20081223, 22:29  #1  
"Richard B. Woods"
Aug 2002
Wisconsin USA
2^{2}·3·641 Posts 
A new Strong Law of Small Numbers example
From the NMBRTHRY mailing list comes a recent example of the first Strong Law of Small Numbers (http://mathworld.wolfram.com/StrongL...llNumbers.html).
Last Sunday: Quote:
Quote:
Last fiddled with by cheesehead on 20081223 at 22:34 

20081223, 22:54  #2 
Aug 2006
3×1,993 Posts 
Well, so much for sums of thin sequences representing all integers!
Kind of makes me wish I'd pushed ahead to find the counterexample myself. 
20081224, 08:13  #3 
"Robert Gerbicz"
Oct 2005
Hungary
1,531 Posts 
All counter example for the original conjecture up to 2^33 are:
Code:
Counterexample=3970902 Counterexample=39022919 Counterexample=102132857 Counterexample=110468517 Counterexample=368495972 Counterexample=391099413 Counterexample=395147912 Counterexample=421129348 Counterexample=452808398 Counterexample=776218485 Counterexample=1005771844 Counterexample=1485470432 Counterexample=3038310485 Counterexample=3263773338 Counterexample=3485976107 Counterexample=3640901241 Counterexample=3758331463 Counterexample=3784200441 Counterexample=3944795435 Counterexample=4014507719 Counterexample=4277741986 Counterexample=4397438442 Counterexample=4542739955 Counterexample=4757066466 Counterexample=5167438708 Counterexample=7130095749 Counterexample=7213669167 Counterexample=7424527675 Counterexample=7696559526 Counterexample=8309766941 Counterexample=8462583631 
20081226, 18:38  #4  
"Richard B. Woods"
Aug 2002
Wisconsin USA
2^{2}×3×641 Posts 
Quote:
ZhiWei Sun isn't easily discouraged. From the NMBRTHRY mailing list comes: Quote:
Quote:
The clock is running ... Last fiddled with by cheesehead on 20081226 at 18:43 

20081226, 19:22  #5 
Aug 2006
3·1,993 Posts 

20081226, 20:23  #6 
"Robert Gerbicz"
Oct 2005
Hungary
1,531 Posts 

20090115, 20:08  #7 
Aug 2006
5979_{10} Posts 
I love when he (rarely) adds timestamps in addition to datastamps to his conjectures. Who else...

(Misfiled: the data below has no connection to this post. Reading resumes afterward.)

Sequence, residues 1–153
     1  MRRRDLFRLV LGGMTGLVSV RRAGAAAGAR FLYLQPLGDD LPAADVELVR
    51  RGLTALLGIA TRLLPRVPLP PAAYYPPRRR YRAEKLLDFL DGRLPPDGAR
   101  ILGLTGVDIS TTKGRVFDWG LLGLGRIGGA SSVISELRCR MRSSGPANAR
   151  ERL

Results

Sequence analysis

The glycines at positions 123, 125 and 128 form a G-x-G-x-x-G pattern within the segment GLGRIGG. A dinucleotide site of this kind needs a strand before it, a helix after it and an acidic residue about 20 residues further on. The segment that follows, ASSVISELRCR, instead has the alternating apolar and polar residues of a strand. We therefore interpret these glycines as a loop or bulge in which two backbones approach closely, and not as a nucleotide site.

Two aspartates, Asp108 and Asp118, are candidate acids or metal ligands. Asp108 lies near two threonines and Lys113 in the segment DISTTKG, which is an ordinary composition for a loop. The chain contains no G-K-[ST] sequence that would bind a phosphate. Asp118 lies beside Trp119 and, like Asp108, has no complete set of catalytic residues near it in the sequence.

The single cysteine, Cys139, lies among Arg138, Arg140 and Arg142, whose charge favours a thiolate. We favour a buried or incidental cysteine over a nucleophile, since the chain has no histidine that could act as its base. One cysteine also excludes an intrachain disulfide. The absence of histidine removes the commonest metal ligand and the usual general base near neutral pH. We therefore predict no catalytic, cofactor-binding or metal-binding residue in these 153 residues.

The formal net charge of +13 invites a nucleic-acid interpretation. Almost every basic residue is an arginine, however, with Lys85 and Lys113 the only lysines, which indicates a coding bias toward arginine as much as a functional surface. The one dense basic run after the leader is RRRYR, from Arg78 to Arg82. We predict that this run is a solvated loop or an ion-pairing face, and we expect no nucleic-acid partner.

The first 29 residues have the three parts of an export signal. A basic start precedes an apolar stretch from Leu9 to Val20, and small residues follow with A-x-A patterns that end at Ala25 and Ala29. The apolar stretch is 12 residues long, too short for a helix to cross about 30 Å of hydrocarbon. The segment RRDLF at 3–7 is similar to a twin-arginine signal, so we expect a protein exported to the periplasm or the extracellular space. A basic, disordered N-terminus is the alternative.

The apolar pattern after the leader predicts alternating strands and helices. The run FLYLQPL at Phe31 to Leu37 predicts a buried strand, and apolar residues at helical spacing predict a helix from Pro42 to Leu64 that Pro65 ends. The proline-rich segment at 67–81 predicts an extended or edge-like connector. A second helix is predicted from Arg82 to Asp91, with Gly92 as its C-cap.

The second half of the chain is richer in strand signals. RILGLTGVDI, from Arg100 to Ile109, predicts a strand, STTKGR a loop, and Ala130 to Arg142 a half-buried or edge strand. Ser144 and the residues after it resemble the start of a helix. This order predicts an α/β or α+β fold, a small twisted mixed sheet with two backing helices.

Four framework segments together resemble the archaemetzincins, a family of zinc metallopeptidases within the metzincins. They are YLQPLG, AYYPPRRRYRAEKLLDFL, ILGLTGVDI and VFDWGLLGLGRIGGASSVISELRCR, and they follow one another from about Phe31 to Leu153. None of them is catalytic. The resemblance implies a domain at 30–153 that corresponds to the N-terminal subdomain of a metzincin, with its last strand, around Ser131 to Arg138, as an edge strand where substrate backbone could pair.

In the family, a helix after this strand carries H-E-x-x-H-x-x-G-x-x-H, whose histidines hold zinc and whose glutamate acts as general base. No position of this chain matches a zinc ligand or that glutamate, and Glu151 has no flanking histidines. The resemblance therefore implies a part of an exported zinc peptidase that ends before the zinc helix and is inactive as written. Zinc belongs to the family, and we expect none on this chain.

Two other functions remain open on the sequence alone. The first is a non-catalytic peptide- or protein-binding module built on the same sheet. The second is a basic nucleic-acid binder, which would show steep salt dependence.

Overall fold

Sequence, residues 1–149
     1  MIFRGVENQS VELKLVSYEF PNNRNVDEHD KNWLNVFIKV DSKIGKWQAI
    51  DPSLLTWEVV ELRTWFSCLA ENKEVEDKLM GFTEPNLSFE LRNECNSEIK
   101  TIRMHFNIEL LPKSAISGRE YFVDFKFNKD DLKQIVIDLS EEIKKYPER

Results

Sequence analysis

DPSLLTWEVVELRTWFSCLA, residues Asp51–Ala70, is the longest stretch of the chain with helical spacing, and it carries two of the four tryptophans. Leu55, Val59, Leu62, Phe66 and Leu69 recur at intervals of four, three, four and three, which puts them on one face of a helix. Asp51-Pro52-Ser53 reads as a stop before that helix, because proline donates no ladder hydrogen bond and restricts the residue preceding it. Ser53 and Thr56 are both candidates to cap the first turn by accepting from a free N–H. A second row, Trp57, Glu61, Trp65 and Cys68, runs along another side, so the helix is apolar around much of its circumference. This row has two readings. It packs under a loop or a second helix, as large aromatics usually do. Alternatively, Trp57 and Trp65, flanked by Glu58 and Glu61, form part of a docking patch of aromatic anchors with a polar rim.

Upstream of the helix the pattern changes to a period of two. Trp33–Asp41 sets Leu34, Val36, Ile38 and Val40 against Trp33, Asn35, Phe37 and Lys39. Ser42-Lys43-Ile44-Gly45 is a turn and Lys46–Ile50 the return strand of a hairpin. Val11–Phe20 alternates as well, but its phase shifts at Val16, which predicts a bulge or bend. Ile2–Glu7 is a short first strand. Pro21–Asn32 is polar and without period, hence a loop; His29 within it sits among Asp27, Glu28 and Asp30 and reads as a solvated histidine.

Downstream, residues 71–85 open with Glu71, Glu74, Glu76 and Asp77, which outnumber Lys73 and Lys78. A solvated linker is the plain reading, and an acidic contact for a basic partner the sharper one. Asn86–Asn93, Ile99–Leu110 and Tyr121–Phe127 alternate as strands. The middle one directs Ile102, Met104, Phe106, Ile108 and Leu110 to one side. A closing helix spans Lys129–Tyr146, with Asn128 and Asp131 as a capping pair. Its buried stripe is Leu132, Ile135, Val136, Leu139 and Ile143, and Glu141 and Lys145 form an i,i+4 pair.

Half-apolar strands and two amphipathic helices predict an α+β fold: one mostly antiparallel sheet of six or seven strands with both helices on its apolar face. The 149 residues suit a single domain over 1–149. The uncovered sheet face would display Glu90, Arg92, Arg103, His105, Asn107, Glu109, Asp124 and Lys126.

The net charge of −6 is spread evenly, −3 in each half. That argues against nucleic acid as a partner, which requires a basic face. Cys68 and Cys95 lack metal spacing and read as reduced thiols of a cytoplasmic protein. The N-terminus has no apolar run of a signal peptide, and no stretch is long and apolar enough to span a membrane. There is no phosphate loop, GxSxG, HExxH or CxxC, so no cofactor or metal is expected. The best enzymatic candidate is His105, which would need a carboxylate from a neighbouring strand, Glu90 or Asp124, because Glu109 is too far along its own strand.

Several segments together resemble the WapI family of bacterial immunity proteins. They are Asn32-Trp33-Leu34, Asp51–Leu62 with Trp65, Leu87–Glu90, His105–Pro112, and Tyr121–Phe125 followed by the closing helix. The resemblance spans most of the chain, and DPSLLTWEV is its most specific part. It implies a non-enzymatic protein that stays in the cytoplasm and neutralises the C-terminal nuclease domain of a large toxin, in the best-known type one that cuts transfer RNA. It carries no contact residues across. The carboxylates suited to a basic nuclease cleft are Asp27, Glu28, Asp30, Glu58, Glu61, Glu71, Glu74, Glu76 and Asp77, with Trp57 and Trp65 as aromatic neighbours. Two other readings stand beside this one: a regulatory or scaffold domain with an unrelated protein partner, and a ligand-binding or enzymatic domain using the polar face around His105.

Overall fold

He's now offering Erdősstyle prizes for proofs or counterexamples: http://listserv.nodak.edu/cgibin/wa...0&F=&S=&P=1395 Conjecture 1 seems considerably harder than the strong Goldbach conjecture, so I think his money is safe. The conjecture is almost certainly true. Conjecture 2 deals with a thin sequence (O(n log n) sums up to n), but it's thicker than Crocker's 1971 p + 2^a + 2^b sequence, so it may hold. Conjecture 3's strong form is thinner than Crocker's sequence (the Pell numbers vary as (1 + sqrt(2))^n, with 1 + sqrt(2) = 2.414... > 2) and so a failure wouldn't be surprising. But the weak form allows negative numbers, so it seems almost sure to hold. Does anyone have thoughts on these, especially the weak form of Conjecture 3? Breaking it into classes: 1. Sum of an odd prime and two positive Pell numbers  the strong form has only this form. 2. Sum of an odd prime, and the positive sum of two Pell numbers, one positive and one nonpositive. 3. Sum of an odd prime, and the nonpositive sum of two Pell numbers. Given a number n, it's easy to check if it has a form in class 1 or 2. But how do you rule out the possibility that it's in class 3? Choosing arbitrarily large (in absolute value) negative Pell numbers is allowed, so how could a purported counterexample be checked? Further, there should be something like O((log n)^2) numbers between n and 0 that are the sum of two Pell numbers, so the 'chance' that a number will have the form of such a negative number plus a prime is large, as log^2 n * n/log n >> n. 
20090206, 20:49  #8 
"Richard B. Woods"
Aug 2002
Wisconsin USA
2^{2}×3×641 Posts 
Sun now has a website for his stuff:
"Mixed Sums of Primes and Other Terms" http://math.nju.edu.cn/~zwsun/MSPT.htm established on Groundhog Day, appropriately enough (for those who've seen the movie). (and I was primenumbered visitor "00000353"  Is there a visitorcounter that doesn't display leading zeros?) Last fiddled with by cheesehead on 20090206 at 20:50 
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